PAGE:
Tuesday morning we departed for St. Louis with a day full of plant science awaiting the students. We arrived at our first stop at Monsanto Chesterfield Research Center where we toured the facility and ate lunch provided by Monsanto. The afternoon tour was at the Monsanto Creve Coeur Breeding and Agronomics Research Labs where the students learned how the scientists improve the current seed genes. Bill Ruppert of National Nursery Products spoke to the students at dinner about his agribusiness experiences.

Three days into the conference the students were still eager for new information and experiences. The morning was filled with tours of the Missouri Botanical Garden and Libraries. Soon after, we traveled to Schlafly’s Bottleworks for lunch and a tour of their facilities. The afternoon concluded with an abundance of vendors at a farmer’s market. The students truly enjoyed their speaker, Ken Ohlemeyer of AdFarm at dinner later that night. Ohlemeyer spoke about “branding” as a way for the students to market themselves in the future.

Gateway Greening, an urban farm in the middle of downtown St. Louis, was the first stop on day four of the academy. Following the urban farm was a tour of the St. Patrick’s Center, where the students learned about the Begin New Adventure Center where people can find help to start their own businesses. The bus soon traveled to a scrumptious lunch of ribs and brats provided by Lange Stegmann. The students learned about fertilizer and went on a tour of their facilities. Osborn and Barr finished off the afternoon with a burst of agri-marketing energy. Steve Peirce kept the students entertained at dinner by talking about social networking and planning for the future. Students finished their Thursday with an evening full of dancing and fun at the MAbA social.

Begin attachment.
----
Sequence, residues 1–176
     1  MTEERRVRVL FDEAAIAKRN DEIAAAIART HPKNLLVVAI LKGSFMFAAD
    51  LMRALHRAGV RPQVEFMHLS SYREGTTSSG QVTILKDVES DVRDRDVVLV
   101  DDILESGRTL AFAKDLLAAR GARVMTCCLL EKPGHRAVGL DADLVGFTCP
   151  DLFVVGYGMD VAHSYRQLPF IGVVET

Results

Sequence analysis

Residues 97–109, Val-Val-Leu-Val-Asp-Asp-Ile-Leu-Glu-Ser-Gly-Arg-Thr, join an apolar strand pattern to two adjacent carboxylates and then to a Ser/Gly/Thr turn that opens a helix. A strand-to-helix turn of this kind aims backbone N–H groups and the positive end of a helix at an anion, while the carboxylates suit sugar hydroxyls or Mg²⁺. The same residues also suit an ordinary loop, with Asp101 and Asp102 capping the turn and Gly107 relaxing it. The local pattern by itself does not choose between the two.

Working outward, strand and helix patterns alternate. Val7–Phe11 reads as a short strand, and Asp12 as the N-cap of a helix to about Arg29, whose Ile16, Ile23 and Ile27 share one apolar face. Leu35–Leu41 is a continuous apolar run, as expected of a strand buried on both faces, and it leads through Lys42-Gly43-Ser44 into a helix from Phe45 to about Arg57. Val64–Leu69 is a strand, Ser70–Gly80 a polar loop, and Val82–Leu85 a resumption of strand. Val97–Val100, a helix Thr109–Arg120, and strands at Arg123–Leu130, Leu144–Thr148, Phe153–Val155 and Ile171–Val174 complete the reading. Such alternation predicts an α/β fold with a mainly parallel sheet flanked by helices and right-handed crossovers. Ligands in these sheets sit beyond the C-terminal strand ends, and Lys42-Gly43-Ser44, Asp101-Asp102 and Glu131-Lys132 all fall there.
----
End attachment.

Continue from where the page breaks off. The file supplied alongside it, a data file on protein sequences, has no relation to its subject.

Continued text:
Friday we departed for Jefferson City and had lunch at Madison’s Cafe downtown. The 30 students joined their family and friends, the Missouri Department of Agriculture staff, as well as their commencement speaker Dr. Terry Heiman in the Capitol Rotunda in celebration of their graduation from the academy. This was the 25th year anniversary of MAbA. Karen Wilde, MDA employee has been with the academy for all 25 years and was presented with a gift of appreciation.

Out of that brief summary of the week, there are so many things I left out. Things that cannot be described. Things that can only be seen, heard, tasted, smelt or felt by the senses. My MAbA trip in 2009 was one of the best weeks of my life. It was so surreal to have the opportunity to live it again. This time around feels just as special as my first time. I had the opportunity to spend my week with 30 wonderful, intelligent and passionate young agricultural leaders.

“I am looking at the future of agriculture,” said Steve Peirce, “right here.”

I was looking at the same kids that Peirce was. I looked at thirty students from all parts of Missouri. All were different in many aspects but had one common goal. If the future of agriculture is as promising as these students, our future in agriculture must be very bright.

MAbA

Our Bright Future in Agriculture